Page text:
The cute Brazilian girl in the cell phone store looks up at me and sputters a series of syllables in my general direction. She’s been fiddling with my phone for 15 minutes now, the phone I just bought for twice as much as I would have paid in any other country. Now she can’t get it to work. Explanation is pending, at least until I decipher the Portuguese syllable soup she continues to vomit at me.
I’m frustrated, if you didn’t notice.
“Não entendo,” I reply, for probably the twelfth time. It means “I don’t understand.” One of the only Portuguese phrases I know.
The coy smile she had given me the first few times I said it are now replaced with an aching impatience. She frowns at me, then at the phone, and then sighs. She pulls out a Post-It note, scrawls some Portuguese on it, hands it to me along with my dysfunctional new phone and slowly instructs me to go to another store in the mall and have them deal with it. She has to repeat these instructions three times before I understand them.
This is the fourth cell phone store I am being sent to. Apparently there are a lot of bureaucratic procedures involved with buying a cell phone in Brazil, the details of which are obviously sailing clear over my head. And since none of the store clerks speak English, they’ve all eventually reached a breaking point, lost patience and sent me down to the next store to be somebody else’s headache.
The entire process has taken close to three hours… and it’s still not over. The mall cell phone nightmare continues.
(Although to be honest, it should have only been about an hour and a half, I fell asleep in the Claro store waiting for a customer service rep to call my number. I awoke 45 minutes later to find they had proceeded to half a dozen customers beyond me. I strained to convince the rep to take me next since I had been there an hour. But my Portuguese persuasion skills weren’t very effective… OK, since we’re being honest right now, they were non-existent. I couldn’t say a thing, and therefore I hardly raised a fuss. Thus I took a new number and sat my ass back down, this time forcing myself to remain awake for the ensuing 30 minutes I would wait… again.)
I never resolved my cell phone issue that day.
I finally found an old man in the mall who spoke English and was kind enough to come translate for me—yes, I walked around a Brazilian mall randomly approaching people to find someone to translate for me. It turns out that Brazil requires an identification number to activate any cell phone bought within the country, the equivalent of having a Social Security Number in the US to buy a cell phone.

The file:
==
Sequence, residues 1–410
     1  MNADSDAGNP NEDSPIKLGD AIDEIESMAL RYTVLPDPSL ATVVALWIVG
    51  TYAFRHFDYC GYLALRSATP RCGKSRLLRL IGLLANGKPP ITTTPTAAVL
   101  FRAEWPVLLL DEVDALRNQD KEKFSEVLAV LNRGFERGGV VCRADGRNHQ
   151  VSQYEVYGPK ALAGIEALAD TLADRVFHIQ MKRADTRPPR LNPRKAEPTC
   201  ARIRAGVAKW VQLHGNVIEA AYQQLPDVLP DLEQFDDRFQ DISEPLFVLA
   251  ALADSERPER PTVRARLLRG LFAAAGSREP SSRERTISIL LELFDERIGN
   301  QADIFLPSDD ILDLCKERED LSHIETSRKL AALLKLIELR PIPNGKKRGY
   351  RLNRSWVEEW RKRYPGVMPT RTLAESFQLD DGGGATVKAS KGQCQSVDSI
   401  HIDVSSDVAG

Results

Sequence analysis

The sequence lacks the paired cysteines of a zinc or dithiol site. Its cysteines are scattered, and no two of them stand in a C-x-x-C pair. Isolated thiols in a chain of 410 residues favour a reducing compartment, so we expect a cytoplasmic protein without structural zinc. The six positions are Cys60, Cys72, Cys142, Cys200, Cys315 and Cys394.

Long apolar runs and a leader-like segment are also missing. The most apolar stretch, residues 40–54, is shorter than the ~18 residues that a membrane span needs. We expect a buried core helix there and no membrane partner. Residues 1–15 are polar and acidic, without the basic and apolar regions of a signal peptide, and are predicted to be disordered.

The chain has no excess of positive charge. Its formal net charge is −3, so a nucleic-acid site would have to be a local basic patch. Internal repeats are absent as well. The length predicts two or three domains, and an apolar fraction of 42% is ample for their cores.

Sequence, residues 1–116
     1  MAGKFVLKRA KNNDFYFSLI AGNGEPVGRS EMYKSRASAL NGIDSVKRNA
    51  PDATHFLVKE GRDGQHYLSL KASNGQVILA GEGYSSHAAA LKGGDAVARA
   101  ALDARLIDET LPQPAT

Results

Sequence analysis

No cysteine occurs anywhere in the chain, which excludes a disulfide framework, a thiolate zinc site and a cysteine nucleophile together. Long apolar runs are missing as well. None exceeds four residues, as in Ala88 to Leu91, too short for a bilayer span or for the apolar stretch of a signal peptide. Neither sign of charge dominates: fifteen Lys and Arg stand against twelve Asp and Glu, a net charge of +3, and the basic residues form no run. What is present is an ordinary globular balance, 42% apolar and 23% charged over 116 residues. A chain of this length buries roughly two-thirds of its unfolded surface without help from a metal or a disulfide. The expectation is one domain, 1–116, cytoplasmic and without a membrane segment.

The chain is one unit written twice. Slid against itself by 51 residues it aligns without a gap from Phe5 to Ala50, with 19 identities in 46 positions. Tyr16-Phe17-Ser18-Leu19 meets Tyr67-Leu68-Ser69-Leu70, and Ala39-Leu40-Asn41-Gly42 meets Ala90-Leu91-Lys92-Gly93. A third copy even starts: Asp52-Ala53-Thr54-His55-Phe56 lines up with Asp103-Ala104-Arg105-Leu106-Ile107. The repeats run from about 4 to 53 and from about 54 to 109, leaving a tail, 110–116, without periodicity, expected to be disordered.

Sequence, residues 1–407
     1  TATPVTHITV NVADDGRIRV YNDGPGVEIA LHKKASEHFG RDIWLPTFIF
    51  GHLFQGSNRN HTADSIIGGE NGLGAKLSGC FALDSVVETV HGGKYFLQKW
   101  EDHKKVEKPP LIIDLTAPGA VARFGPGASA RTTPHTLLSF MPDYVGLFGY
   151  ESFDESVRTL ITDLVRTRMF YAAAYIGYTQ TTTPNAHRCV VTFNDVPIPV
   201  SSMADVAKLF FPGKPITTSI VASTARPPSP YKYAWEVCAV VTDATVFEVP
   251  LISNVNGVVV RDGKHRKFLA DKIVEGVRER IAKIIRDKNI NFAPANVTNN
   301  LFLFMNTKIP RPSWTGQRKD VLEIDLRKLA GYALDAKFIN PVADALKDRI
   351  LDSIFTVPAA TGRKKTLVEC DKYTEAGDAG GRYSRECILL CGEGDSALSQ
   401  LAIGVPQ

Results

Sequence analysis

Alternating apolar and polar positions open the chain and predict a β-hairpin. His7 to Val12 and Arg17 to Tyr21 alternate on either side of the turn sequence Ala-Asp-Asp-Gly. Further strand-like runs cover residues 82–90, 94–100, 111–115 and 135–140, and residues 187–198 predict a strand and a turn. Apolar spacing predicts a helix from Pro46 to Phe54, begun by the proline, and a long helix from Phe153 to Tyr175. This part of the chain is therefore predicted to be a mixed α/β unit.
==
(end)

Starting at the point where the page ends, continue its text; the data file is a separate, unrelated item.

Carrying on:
There’s a formal process that’s required and if you’re a foreigner and don’t work for a Brazilian company, then you’re screwed (unless you can get a friend to come in and register your phone under their name). As is probably obvious, I did not have any Brazilian friends with me. So almost four hours after arriving, I left the mall, having paid too much for a phone I still couldn’t use.
… And then got lost going home.
This was my first day in São Paulo. And I would be lying if I said days like this were rare. They don’t happen that often, but with enough regularity that the seething frustration, the awkward self-consciousness, the mental exhaustion, and the unavoidable sense of isolation, they’ve all become familiar to me now.
Most people who learn about my lifestyle—the fact that I spend 10 months a year traveling and living in foreign countries—see it as something glamorous. But as with any lifestyle, there are strengths and weaknesses to it. It’s not all a bed of roses. You sacrifice some things to gain others.
And don’t worry, I’m not here to complain about every trying moment I’ve come across in two and a half years of traveling. There have been far, far, far more good days than bad. And I would not take back a single life decision I’ve made.
But I do want to paint a realistic picture of what this lifestyle entails, the highs with the lows. And posit that perhaps the biggest difference between this lifestyle and a conventional one, is simply that the highs are higher and the lows lower, thus reorienting what one values spending their time on.